Archives for : September2014

Does truth exist?

“That,” someone says sweetly, “is just your interpretation of scripture. There are,” they add knowingly, “many other interpretations.”

“You know,” someone else says during a religious discussion, “that’s not what that passage means to me.”

There is in our society today only one absolute truth:
There is no absolute truth! There was a time when we admired a man for standing on conviction, expressing his beliefs even if they were unpopular. Today we call such a man a bigot.

“These truths we hold, well, uh, to be unreliable …”

You know, it’s funny, when we talk about morals and doctrine, there seem to be no truths that we can know for certain, but that’s not the way we behave in any other walk of life!

When a policeman pulls you over for speeding, you were either guilty of speeding, or you were not. It’s possible of course that the policeman’s mechanism was faulty. But in that case the truth is that you were not speeding.

Nashville is either the capital of Tennessee or it is not. You might wish it were not — you might prefer that the capital be Pinson. You’re allowed to have your opinion about which town should be the capital, but until some change is made, your opinion does not change the truth one whit. The state capital is still the Music City.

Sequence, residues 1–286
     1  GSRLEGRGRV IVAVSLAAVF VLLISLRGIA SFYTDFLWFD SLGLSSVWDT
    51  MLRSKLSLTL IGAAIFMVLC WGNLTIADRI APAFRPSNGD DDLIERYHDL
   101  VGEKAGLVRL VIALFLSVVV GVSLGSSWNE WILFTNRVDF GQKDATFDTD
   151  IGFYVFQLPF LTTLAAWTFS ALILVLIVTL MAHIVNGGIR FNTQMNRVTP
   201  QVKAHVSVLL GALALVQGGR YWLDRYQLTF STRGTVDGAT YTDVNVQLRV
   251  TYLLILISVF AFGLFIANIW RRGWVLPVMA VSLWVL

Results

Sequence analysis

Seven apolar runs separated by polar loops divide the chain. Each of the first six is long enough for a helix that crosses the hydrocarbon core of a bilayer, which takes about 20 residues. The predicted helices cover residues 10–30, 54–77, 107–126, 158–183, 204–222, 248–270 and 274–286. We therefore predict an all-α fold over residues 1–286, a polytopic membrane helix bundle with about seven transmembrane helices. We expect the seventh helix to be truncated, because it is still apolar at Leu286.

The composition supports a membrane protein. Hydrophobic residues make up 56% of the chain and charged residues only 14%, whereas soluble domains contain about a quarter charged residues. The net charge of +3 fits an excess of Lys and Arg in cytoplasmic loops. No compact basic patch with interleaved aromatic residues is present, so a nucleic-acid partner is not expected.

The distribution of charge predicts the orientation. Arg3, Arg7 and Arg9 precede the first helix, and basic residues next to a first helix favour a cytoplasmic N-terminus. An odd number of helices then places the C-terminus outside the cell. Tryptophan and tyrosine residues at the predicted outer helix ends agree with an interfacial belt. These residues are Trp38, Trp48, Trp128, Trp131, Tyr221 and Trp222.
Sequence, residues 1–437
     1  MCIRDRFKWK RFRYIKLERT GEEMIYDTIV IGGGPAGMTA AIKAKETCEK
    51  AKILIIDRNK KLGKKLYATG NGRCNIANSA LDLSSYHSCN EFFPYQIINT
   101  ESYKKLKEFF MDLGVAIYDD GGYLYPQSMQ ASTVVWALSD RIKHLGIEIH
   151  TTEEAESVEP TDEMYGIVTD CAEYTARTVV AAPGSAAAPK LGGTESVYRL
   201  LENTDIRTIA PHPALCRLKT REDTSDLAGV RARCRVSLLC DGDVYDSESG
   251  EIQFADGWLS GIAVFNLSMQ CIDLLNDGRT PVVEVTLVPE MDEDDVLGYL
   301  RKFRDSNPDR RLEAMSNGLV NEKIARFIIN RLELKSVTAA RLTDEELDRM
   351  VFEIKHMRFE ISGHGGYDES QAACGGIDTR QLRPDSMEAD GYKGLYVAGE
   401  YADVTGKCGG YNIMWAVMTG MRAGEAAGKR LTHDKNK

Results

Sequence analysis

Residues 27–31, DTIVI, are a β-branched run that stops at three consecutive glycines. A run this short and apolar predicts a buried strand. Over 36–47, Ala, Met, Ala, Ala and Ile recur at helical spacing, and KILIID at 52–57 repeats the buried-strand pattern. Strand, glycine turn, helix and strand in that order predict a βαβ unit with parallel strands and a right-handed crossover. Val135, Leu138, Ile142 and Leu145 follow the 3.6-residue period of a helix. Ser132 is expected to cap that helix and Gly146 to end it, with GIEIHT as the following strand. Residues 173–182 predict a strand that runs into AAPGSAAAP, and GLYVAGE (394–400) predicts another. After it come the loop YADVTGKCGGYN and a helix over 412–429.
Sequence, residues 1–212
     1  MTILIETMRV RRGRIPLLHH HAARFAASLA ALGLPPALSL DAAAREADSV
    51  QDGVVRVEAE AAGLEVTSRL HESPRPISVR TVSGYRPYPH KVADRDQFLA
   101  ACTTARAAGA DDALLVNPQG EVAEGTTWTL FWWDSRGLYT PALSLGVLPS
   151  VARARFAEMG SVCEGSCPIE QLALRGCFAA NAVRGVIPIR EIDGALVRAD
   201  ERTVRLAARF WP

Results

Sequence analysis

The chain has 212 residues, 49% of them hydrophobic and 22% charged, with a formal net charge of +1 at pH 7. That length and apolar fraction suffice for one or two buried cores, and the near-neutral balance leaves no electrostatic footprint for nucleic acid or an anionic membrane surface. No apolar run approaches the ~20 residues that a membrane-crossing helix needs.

Truth frees us. “You shall know the truth,” Jesus declares, “and the truth shall set you free” (John 8:32).

“Sanctify them by the truth,” he declares elsewhere, “your word is truth” (John 17:17).

Without truth, there are a lot of people still in bondage. There are a lot of people who have not been sanctified.

I’m sorry — that’s the truth!

by Stan Mitchell

What will we do with scripture?

When would you be willing to abandon your intended goal in order to allow scripture to carry you on its ebb and flow? The Christian knee-jerk response is predictable.
I’m always ready to follow scripture! Really?

Whether preacher, non-Christian or Christian, we all face this question in practical ways.